Figure 2 shows the most recent 5 year market-share trends for selected farm commodities marketed by farmer cooperatives. Grain/oilseed and cotton/cottonseed shares varied. Milk, fruit/vegetable and livestock/wool shares were fairly level.
Share of farm production expenditures holds steady
Co-ops' share of major farm production items feed, seed, fertilizer, petroleum and crop protectants was 29 percent in 1998, the same as in 1997. Co-ops increased their market share of only one major farm input, petroleum. Co-ops' shares of fertilizer, crop protectants and seed remained the same, while feed's share dropped slightly to 21 percent (table 2 and figure 3).
Total U.S. farm cash expenditures for the five major supply items decreased 2.7 percent from 1997 to 1998, while co-ops' sales decreased 3.9 percent. Co-ops' sales of feed was $5.4 billion, down from $6 billion, or 9.7 percent, in 1997. Total feed expenditures also declined, falling 4.9 percent.
Co-ops' 50-percent share of petroleum expenditures set a record high. The previous record was 46 percent in 1991. Co-ops' sales of petroleum totaled $6.6 billion in 1998, down from $6.8 billion, or 2.1 percent, from 1997. However, total U.S. farm expenditures for petroleum fuel and oils in 1998 was $5.6 billion, down from $6.2 billion, or 10.4 percent, due mainly to lower fuel prices.
Calculating co-ops' share of petroleum expenditures is more difficult than for the other farm supply items because a major proportion of co-ops' petroleum sales is for nonfarm use. Based on previous research, farm use was estimated to be 43 percent. This percentage was applied to co-ops' net sales in calculating market share. This can vary from year to year, depending on weather conditions and other factors.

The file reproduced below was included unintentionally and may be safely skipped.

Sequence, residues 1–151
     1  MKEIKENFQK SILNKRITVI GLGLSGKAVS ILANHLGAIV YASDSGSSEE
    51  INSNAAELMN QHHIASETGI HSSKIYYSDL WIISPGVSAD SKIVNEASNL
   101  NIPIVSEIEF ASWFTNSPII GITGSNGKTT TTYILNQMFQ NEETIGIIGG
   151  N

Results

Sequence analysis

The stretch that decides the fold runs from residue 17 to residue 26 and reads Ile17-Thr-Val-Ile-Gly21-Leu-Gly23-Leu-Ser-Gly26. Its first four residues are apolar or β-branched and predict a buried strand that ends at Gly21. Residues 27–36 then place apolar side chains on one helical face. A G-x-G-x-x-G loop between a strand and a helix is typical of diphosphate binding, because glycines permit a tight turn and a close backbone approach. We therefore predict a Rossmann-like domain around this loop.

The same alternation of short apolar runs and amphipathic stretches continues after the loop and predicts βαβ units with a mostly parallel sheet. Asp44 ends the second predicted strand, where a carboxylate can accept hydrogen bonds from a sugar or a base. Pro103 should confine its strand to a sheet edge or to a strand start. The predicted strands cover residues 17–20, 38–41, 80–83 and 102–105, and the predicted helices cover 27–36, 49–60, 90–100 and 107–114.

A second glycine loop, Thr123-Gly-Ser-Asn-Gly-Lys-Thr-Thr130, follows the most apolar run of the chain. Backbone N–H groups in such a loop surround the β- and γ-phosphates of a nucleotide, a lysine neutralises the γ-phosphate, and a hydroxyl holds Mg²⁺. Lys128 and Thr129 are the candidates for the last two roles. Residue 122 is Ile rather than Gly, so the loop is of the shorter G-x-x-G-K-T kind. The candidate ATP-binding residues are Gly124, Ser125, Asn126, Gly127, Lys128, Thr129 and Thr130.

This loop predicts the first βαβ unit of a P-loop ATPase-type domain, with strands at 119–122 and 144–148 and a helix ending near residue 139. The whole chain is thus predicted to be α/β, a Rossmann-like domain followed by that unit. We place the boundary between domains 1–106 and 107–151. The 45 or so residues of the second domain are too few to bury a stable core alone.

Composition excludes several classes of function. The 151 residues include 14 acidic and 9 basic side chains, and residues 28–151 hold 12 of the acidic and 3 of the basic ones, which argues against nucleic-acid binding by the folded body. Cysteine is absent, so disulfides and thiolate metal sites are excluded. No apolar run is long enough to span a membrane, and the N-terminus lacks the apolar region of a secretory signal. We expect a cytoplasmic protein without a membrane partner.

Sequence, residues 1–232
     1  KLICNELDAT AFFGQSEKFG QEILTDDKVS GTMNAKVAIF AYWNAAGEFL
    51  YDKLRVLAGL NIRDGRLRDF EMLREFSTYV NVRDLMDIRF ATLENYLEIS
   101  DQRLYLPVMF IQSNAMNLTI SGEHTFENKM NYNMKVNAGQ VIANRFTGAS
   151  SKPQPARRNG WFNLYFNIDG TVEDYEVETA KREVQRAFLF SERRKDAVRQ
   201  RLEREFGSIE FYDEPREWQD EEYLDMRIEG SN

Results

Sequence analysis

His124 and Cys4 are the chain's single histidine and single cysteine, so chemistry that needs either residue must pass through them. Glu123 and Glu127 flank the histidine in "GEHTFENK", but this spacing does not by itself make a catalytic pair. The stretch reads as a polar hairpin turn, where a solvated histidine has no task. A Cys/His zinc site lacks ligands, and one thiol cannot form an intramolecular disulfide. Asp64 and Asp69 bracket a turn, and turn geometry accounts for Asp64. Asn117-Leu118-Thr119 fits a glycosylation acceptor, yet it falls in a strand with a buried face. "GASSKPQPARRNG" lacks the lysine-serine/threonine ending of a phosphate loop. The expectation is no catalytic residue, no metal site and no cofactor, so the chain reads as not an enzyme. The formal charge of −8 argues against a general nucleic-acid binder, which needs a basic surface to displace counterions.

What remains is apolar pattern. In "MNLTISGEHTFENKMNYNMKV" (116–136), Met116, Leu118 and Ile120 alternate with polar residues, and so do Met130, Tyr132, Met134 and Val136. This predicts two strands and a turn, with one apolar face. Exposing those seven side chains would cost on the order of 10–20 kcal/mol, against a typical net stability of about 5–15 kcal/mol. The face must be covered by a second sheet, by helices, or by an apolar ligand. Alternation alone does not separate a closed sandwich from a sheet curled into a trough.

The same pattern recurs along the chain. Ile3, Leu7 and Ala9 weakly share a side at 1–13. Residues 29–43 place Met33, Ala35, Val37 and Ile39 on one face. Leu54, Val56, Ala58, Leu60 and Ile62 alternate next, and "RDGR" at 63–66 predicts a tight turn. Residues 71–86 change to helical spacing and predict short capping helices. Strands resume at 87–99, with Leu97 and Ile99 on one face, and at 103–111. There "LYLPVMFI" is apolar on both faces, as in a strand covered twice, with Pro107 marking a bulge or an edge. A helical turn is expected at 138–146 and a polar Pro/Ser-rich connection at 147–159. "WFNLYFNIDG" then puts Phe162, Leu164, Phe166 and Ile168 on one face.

Co-ops' lowest share of the major farm supply items was seed, at 10 percent, unchanged from 1997 and 1996. Co-ops' share of total U.S. cash expenditures for seed was a high of 19 percent in 1987.
Cooperatives' sales of major farm supplies totaled $21.1 billion in 1998. Petroleum sales accounted for more than $6.6 billion, or 31.4 percent, of the total. Co-ops' sales of seed and crop protectants were up, while all others were down. This was the same for corresponding total U.S. cash expenditures.
Feed accounted for the second largest proportion of co-ops' farm sup ply sales (25.6 percent), followed by fertilizer (24.5 percent) and crop protectants (15 percent). Seed accounted for only 3.5 percent. Total U.S. feed expenditures accounted for 43.5 percent of the major farm supplies purchased, followed by fertilizer (18.5 percent), crop protectants (15.8 percent) and seed (12.5 percent).
Methods used in developing co-op shares
Cooperative-share estimates for selected commodities and farm supplies are based on data from the following sources. The annual survey of farmer cooperatives conducted by USDA's Rural Business-Cooperative Service, other Cooperative Services studies, cash receipts from farm marketings and farm production expenditures published by USDA's Economic Research Service (ERS) and Cooperative Services' commodity specialists.
Co-ops' shares of farm marketings represent estimates of cooperative activity at the farm-gate or first-handler level. Share estimates for farm production items represent cooperative activity in sales of supplies to farmers. The share estimate for each commodity was based on dollar value and year to-year changes in related data or on physical quantity (where available). In most cases, the share estimate was based on dollar value. For those commodities for which physical quantity handled by cooperatives was not available, cooperatives' shares of farm marketings were estimated by first subtracting gross margins from net cooperative business volume. These estimated "payments to farmers" were then related to their respective total U.S. cash receipts, adjusted for crop year, to calculate the percentage share figures.
Shares of the major farm supply items were estimated by first subtracting from co-ops' net business volume the volume of business exported, sold to other firms and used for nonfarm purposes. These adjusted business volumes were then related to their respective total U.S. cash expenditures to calculate their percentage share estimates.